Friday, July 3, 2009

Mammals and Birds

The previous post (July 1), photos of dolphins and whales being slaughtered for sustenance through the winter (though there is no food shortage), and for cottage industry products in the Faroe Islands (Denmark), was e-mailed to me after being uploaded from the site which lists itself at the bottom left of each gruesome photograph: It is an Arab website. Although it is true that much of the Muslim world has been targeting Denmark due to the cartoons picturing Muhammad, and the Danish government supporting the rights of its people to freedom of expression; nevertheless, the photos, unhappily, are accurate.

Perhaps it is time to support SEA SHEPHERD, not just Greenpeace. Greenpeace can't be everywhere, and it has become very bureaucratic, though they have demonstrated indisputable courage in the southern oceans. SEA SHEPHERD is more confrontational as a rule on the high seas now, in the struggle to end whaling. Perhaps it is more like PETA, on land, one of the best of the large animal rights organizations.


BIRDS, the new chapbook by Allen Fisher (Oystercatcher Press, 2009) just in. It is good to read Allen out there expanding a tradition of shifting discourse within the poem, first noticeably appearing (at least in English) as leitmotif in Dorn's GUNSLINGER, Books I and II (prior to its becoming more and more of a comic-epic, as in Chaucer and Pope), and at about the same time, quite independently of any American models, in the poetry of Asa Benveniste. J.H. Prynne took up this organic way of writng (natural, because it is present in the synapses of mind), and HIGH PINK ON CHROME (1975) is seminal. That distance which Dorn notes in GUNSLINGER "between here and formerly" is carried in Fisher's sequence into a hard-edged politcal space as the poet takes a train out of London and sees:

...a culture too
late for recovery to
avoid narrative traps to delineations
of low blow whistles to
demonstrate sonic coherence
or some parody of fairness

In the sequence of ten poems, hard riffs, which he calls "Proposals" - there are echoes of the methodology of Bill Grffiths's having the sound register slightly before the sense, and the post-Beat imaginative catalogues in Eric Mottram's poems, where the things which are creative energies are strung together like beads on string, what that often misused word "parataxis" signifies. In a different way, Allen Fisher's early work was a part of the innovative mainstream of The British Poetry Renaissance, 1965-'80, where "the matter of Britain" became a psychogeography, in the work, say, of Iain Sinclair. 30 years later, Fisher takes each line out into indeterminate space before melding it or sometimes defamiliarizing it, with a time cross. He wants a "negative entropy". The machine begins its exodus:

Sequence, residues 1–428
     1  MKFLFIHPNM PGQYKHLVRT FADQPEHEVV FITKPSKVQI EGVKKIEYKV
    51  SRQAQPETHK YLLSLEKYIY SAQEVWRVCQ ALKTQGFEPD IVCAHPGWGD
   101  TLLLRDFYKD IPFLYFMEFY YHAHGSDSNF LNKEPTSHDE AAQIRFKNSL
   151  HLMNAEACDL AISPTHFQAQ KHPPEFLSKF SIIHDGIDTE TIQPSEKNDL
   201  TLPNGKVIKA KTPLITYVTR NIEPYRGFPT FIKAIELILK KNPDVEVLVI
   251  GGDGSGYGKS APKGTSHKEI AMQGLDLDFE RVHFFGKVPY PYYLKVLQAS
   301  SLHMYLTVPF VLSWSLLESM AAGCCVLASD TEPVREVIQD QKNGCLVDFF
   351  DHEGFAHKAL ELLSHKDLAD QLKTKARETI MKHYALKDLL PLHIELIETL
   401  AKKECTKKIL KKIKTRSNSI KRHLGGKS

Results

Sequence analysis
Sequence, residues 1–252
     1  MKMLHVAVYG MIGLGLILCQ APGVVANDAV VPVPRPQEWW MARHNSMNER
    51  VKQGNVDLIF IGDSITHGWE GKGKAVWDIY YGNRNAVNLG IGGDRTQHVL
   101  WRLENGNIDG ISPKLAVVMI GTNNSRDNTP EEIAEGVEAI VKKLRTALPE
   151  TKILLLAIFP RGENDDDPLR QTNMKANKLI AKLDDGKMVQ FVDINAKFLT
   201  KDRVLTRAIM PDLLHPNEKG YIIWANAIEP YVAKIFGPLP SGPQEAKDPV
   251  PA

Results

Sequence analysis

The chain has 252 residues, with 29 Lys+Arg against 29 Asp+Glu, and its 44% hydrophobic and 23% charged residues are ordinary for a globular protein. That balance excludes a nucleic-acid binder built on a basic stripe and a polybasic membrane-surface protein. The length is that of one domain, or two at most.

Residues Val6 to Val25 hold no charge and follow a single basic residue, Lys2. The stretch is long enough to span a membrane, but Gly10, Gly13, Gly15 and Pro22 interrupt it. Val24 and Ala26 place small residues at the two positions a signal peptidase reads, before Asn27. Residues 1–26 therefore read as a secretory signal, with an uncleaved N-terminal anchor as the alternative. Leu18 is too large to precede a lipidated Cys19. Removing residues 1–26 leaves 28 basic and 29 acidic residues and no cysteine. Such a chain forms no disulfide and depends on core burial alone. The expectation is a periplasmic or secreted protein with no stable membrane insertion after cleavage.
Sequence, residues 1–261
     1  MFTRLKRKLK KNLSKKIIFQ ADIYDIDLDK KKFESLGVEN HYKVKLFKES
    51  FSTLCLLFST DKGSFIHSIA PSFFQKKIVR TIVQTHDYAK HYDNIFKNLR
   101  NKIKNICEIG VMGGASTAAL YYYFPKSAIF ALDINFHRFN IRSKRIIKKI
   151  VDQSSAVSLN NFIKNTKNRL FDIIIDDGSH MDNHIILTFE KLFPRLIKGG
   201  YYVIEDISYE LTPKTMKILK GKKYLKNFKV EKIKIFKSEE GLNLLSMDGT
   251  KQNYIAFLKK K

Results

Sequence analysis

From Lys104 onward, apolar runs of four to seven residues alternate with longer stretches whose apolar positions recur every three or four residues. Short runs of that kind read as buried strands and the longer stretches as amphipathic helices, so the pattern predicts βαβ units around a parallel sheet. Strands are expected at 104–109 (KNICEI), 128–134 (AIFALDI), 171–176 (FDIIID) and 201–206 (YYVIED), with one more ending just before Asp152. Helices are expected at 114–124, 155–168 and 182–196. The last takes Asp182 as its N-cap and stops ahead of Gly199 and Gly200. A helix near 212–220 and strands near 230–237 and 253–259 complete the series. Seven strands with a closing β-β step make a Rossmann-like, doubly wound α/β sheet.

His thick neck and head lean from the
train with internal comprehension
of the departure moment and return to
a forward seat to narrate the occasion
he drives the engine out of the station over
exit junction towards the straight rails north
sound of a mallard a moped
a sheet of ice skidding
down a roof hitting
the pavement

These ten poems of ten lines each (except for one of 11 lines), like Braques's latelife bird paintings, are single-voiced rather than cubist and earn a lucidity rather than a turgidity. In his multi-voiced work after PLACE, Fisher thrashed through phases of fragmentation which disguised or rejected most lyric personisms and the merely decorative. Having moved laterally some, away from the turbulences of the more opaque procedures of GRAVITY AS A CONSEQUENCE OF SHAPE, which occupied him for 20 years, this little chapbook may herald a change.

Elaine Randell, Carlyle Reedy, Paige Mitchell are three on the English side of the pond who also have worked with this mode of lyric non-linear. They would make a nice Penguin. Among the younger poets, the poems which Claire Crowther recites on her website, and one of hers published by Carrie Etter (no relation to the great west of Chicago poet, Dave Etter) on her blog for June 27th, are excellently surprising, as is the generous sampling from Jennifer Moxley on that same blogsite on June 30th.

Among les jeunes in contemporary U.S. poetry, I like very much what I've seen of K. Lorraine Graham's book TERMINAL HUMMING (Edge), a 21st century use of Kathy Acker/Patti Smith, or Pam Burnell (UK). Also referenced on June 30th, on Jessica Smith's "looktouchblog" is an interview with Graham by Elisa Gabbert, on "The French Exit" (June 25th).